The Spinazola property was once a pig farm, the Blue Hog Piggery, run by George Griffiths. Classified ads in the Boston pa­pers a century ago boasted of Blue Hog being the nation’s lar­gest piggery.

In the 1960s and 70s, Spina­zola would rent part of the barn to a pig farmer. He also rented space to Reuben “Ru­by” Frankel, who had a business recycling wooden boxes for fruit and produce. He would visit supermarkets and collect the boxes, and then store them in the barn at Spinazola’s. Then just before harvest time, he would sell them to farmers in the area.

Eventually, the barn and all the boxes burned. “Ruby” later went into the antiques business and was a member of the Friendship Lodge of Masons. He was a wiry, small man with a very large spirit, and he over­came many setbacks in life.

In the early 1970s, the town began looking at alternative sites for the dump. The primary concern at the time was cost. The selectmen voted in 1972 to develop an old gravel pit near the dump as the new dump. It became known as “Site One.” There were other proposals. Jim Miceli favored a site north of Route 125, but it was nixed by the water commissioners.

The dump question lay silent until 1976. In 1975, following a major fire at the Middleton dump, the Mass. Dept. of Envi­ronmental Quality Engineer­ing (DEQE) began examining dumps. Although Wilmington’s dump was termed a “sanitary landfill,” it was deemed not up to state standards. The town came under considerable pressure to close the dump. Spina­zola and town officials met with the assistant attorney general, representing the DEQE. Eventually Spinazola signed an agreement to close down the dump.

Meanwhile, the town meeting of March 1976 was in a dither about the dump. On March 13, the voters nixed Site One, and the meeting adjourned with no solution. When the meeting resumed a week later, discussion went on for nearly eight hours on the dump question. Eventually, the town voted to appropriate $130,000 for a transfer station.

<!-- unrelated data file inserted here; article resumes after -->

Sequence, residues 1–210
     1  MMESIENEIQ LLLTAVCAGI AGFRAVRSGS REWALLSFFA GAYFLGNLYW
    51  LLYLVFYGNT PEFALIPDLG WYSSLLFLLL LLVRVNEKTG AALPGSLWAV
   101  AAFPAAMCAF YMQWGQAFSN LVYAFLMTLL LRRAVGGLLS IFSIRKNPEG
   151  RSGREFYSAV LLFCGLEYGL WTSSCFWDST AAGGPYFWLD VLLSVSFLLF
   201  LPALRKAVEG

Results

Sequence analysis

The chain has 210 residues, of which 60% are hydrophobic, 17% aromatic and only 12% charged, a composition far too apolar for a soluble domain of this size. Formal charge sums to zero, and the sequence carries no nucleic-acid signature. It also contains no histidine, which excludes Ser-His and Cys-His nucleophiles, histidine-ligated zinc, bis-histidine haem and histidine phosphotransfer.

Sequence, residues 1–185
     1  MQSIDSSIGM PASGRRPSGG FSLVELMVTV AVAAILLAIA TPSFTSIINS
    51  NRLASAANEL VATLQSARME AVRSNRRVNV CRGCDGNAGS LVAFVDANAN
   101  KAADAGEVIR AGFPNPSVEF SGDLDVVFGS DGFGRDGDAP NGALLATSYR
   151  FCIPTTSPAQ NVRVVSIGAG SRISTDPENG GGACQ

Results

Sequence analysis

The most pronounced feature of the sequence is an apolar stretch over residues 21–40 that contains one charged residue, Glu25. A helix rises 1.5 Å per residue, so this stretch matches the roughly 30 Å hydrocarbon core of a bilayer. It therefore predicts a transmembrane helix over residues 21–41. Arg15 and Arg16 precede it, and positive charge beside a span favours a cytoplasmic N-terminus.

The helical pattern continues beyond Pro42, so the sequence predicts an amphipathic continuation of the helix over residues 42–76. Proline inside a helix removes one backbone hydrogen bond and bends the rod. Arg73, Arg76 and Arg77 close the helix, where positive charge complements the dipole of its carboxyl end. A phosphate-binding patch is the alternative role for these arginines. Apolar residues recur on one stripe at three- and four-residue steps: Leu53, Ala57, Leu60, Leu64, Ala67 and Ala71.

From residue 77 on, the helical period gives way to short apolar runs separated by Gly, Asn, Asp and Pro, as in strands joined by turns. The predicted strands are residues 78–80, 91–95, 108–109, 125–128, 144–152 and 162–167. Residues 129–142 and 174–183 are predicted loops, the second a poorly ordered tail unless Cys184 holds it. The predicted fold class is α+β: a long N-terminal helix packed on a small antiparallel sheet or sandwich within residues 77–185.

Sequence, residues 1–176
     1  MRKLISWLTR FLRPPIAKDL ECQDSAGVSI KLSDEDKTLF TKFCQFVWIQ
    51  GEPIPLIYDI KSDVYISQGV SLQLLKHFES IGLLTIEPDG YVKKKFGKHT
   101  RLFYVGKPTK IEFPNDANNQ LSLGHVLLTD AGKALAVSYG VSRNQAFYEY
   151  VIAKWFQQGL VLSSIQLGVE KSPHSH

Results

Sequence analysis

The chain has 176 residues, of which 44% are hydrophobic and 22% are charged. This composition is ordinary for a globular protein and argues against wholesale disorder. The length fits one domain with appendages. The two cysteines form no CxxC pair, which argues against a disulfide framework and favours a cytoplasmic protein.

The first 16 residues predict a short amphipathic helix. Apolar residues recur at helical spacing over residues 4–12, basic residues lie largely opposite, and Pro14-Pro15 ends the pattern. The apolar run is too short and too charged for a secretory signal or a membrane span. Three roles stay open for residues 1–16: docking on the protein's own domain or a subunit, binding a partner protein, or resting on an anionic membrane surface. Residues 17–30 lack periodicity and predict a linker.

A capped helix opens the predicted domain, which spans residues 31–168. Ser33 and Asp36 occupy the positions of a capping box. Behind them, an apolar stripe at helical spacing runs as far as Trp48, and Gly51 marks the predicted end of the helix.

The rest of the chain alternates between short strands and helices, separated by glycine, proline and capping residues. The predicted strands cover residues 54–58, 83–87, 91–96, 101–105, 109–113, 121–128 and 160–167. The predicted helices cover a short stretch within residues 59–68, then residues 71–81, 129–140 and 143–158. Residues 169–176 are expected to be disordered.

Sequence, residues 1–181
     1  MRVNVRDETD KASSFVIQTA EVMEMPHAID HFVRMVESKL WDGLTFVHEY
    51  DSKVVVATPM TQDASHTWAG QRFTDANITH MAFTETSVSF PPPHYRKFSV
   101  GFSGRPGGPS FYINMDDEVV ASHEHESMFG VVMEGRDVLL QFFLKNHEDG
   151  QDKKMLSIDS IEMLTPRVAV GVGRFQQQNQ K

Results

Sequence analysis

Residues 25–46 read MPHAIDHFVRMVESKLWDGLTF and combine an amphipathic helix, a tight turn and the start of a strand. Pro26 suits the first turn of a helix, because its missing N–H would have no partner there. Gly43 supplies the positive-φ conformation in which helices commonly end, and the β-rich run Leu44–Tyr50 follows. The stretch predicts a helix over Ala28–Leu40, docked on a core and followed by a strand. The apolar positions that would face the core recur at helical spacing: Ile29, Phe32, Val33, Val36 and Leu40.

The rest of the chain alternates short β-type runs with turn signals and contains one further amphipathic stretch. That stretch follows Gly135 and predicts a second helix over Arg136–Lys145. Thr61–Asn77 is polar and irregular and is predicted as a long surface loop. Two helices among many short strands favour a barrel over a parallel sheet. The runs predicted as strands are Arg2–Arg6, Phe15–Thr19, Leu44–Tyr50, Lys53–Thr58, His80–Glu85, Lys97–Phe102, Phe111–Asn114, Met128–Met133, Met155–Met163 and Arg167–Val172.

In late April, Town Manager Sterling Morris asked for bids for contractors to collect and dispose of rubbish. There were 13 bidders, and the contract was awarded to Browning-Fer­ris Industries (BFI).

But the controversy was not finished. On June 10, a suit was filed against the selectmen, the town manager and “Brown and Ferris” (sic) at­tempting to block the trucking of rubbish out of town. The suit was dismissed.

On June 21, BFI began operations. Paul Godzyk stopped his residential service. BFI ini­tially was hauling to the Rocco dump in Tewksbury. That led to some negotiations between the Tewksbury and Wilmington selectmen, since that town considered it illegal for out-of-town rubbish to be brought to the Rocco dump.

One disgruntled resident at­tempted to stuff a bag of trash in a window. The bag was found outside the back door of town hall.

A petition was sent to the town manager with 800 signatures, but the town manager was not the one who could call a special town meeting. An­other petition was sent, this time to the town clerk, and on July 29, a special town meeting was held. Kevin Berrigan of­fered a motion to void the contract with BFI. That motion lost, 86 to 52.

Paul Godzyk then offered a motion to have the town issue a dump permit to Spinazola. The moderator ruled that mo­tion out of order.

No other action was taken. The town dump was a dead duck.